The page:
Tag Archives: Bank of America

LOS ANGELES: A Bank Robbery in a Quiet Place

Simon Guillen has been on Atlantic Boulevard in East L.A. for 36 years, he tells me.

He’s in real estate, been a notary, a photographer, is a pastor, and a month ago just opened a wedding chapel. He’s a flexible guy “out of necessity,” he says.

I met Guillen, a native of Peru, across the street from the robbery of the Bank of America on Atlantic Boulevard in East L.A. this morning.

“East L.A. is a quiet place,” he says. Years ago, it was known for gangs, but that was years ago, which Guillen remembers well and is not sad to see gone.

The area is one of those benefited enormously by the regional collapse in gang activity in Southern California. I say activity, because there still is gang violence in some areas, though it, too, is far less than even a decade, much less two decades, ago.

But the gang activity of daily hanging out, graffiti, commandeering crash pads from empty houses, dominating street corners or parks — what used to cause such grinding blight and feelings of powerlessness among residents — all that has dropped off to almost nothing.

Go to almost any once-notorious neighborhood and the story is the same.

It’s one of the great tales of Southern California — gang culture was one of the region’s great exports, after all — and you can see it pretty clearly in East L.A. Gangs still exist, but they’ve largely taken it indoors.

All this amounts to massive a tax cut for those neighborhoods (poor and working class) where gangs and their activity were such banes.

No longer do families have to worry about their garages being graffitied, or their property values being whacked because they’re down the street from a market a gang took a liking to.

“You people need to come here and write about this,” Guillen says.


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LOS ANGELES: A Bank Robbery, a Car Salesman and the Eternal Traveler

I was covering the dramatic bank robbery at the BofA in East L.A. this morning. Appears a couple guys kidnapped the manager last night, apparently as she was on her way home, then brought her to the bank this morning with a bomb strapped to her body.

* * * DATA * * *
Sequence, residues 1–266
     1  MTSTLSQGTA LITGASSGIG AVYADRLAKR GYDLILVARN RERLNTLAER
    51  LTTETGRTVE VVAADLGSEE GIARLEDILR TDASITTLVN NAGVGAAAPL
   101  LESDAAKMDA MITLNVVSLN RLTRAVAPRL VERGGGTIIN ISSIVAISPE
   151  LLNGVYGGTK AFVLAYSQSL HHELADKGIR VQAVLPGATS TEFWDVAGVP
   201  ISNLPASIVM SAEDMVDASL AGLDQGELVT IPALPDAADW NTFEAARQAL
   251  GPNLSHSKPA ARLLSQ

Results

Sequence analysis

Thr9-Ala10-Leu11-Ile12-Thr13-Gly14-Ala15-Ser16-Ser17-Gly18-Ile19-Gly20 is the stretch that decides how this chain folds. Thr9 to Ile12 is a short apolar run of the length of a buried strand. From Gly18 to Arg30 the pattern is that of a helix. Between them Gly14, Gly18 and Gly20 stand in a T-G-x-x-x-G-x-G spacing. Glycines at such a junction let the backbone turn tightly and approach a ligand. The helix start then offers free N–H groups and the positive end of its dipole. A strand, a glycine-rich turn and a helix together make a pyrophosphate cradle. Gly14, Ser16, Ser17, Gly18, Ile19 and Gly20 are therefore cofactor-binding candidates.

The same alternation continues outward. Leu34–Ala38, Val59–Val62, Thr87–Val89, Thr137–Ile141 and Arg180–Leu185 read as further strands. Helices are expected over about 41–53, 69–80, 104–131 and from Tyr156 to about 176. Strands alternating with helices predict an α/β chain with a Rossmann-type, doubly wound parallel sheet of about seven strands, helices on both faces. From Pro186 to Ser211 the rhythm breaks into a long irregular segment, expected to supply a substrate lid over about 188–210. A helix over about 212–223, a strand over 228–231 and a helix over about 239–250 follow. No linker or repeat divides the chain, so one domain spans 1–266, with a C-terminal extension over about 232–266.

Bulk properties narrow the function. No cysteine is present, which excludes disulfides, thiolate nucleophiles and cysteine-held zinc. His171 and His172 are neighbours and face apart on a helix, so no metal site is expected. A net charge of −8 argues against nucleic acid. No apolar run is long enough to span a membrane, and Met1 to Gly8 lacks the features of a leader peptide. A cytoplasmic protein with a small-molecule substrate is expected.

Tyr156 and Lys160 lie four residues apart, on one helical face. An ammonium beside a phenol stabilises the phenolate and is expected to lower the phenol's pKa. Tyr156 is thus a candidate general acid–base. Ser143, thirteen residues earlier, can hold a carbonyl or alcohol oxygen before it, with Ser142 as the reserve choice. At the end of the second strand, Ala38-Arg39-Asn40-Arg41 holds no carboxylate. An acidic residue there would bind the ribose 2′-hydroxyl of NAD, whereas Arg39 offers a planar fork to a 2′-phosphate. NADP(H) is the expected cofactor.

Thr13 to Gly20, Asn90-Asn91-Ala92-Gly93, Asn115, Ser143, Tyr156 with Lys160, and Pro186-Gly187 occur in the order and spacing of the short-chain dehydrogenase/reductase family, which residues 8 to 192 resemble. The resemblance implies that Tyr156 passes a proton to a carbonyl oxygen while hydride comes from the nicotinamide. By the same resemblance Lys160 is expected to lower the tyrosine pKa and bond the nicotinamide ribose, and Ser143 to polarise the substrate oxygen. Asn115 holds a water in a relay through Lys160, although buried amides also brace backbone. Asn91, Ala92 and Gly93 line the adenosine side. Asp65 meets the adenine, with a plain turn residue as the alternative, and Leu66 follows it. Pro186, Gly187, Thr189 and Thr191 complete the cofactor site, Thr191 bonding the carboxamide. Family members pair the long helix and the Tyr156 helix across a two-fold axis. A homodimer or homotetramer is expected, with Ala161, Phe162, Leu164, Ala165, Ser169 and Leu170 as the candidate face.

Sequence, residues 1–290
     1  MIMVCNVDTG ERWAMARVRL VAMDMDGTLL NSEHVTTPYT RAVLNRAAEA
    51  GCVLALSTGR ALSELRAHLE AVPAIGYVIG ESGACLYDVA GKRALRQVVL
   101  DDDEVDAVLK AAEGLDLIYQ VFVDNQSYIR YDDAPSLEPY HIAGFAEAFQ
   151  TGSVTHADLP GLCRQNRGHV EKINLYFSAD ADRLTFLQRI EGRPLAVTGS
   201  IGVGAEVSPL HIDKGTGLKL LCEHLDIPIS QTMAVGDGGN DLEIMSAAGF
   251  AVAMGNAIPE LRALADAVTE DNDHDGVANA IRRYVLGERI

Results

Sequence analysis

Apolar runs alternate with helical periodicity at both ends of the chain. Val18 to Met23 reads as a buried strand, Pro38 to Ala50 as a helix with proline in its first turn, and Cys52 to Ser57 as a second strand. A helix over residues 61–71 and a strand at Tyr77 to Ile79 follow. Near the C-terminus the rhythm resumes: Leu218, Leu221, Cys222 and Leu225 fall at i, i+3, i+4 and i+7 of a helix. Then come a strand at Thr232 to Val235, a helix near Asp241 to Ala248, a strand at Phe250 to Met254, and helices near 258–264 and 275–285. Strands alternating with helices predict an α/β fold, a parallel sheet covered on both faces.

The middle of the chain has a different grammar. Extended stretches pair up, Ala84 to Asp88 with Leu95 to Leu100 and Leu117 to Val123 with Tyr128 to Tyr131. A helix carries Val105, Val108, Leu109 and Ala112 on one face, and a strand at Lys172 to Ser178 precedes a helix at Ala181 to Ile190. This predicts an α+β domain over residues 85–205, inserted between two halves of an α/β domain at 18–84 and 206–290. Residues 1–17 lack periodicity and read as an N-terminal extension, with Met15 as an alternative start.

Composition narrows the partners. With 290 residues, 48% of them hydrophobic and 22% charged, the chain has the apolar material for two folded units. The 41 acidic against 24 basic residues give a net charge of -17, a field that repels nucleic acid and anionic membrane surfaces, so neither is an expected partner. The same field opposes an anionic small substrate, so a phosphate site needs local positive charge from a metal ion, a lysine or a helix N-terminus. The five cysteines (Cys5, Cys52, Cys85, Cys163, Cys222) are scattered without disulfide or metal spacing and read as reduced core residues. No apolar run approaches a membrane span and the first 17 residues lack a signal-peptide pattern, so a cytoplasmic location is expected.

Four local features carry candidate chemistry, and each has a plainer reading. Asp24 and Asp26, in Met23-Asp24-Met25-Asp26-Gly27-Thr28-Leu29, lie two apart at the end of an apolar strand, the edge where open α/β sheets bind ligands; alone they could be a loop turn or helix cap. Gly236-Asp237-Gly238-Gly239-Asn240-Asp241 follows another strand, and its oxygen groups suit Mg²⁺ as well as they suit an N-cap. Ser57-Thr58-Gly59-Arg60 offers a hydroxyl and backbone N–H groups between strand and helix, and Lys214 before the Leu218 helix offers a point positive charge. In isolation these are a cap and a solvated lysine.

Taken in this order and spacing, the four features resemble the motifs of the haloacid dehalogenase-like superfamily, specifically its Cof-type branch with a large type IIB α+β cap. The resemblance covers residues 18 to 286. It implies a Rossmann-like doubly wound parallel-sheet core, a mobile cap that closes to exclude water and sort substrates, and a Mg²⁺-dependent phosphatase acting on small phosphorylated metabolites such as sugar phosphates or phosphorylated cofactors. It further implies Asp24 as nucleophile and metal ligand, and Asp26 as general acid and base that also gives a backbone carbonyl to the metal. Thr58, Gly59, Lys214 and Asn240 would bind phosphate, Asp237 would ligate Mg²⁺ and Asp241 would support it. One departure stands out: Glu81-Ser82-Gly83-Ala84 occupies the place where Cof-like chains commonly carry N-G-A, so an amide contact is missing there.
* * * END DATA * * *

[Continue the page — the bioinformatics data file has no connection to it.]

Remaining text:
She went in and told employees that she had the device on her and the kidnappers were telling her to take money out, which she did, then put the cash in a bag and threw it out to them, waiting in a car. They made their getaway.

She was unhurt, though shaken, and a Sheriff’s bomb squad disarmed the device.

Stories like this can involve a lot of waiting around, talking with bystanders who might have seen something. One of them was Octavio Medrano, a salesman at a used car lot, who’s been in the area “like all my life,” he says, selling used SUVs and Nissans and the like. He’s from Chihuahua.

He arrived at work too late for the commotion. But as we talked he began telling me about his other line of work.

In his part time, he writes about eternity. Just finished his second book, as it turns out — Viajero Eterno (Eternal Traveler). His card urges people to read the books if they are want to learn”the secrets of the seven doors of knowledge” or “the secret of reincarnation” or “the road to internal peace” or “our relation with the moon and planets,” and more.

All in all, that’s a lot more than I’ expect to learn at any used car lot.

Btw, you can pick up Mr. Medrano’s book at Amazon.com or www.palibrio.com.

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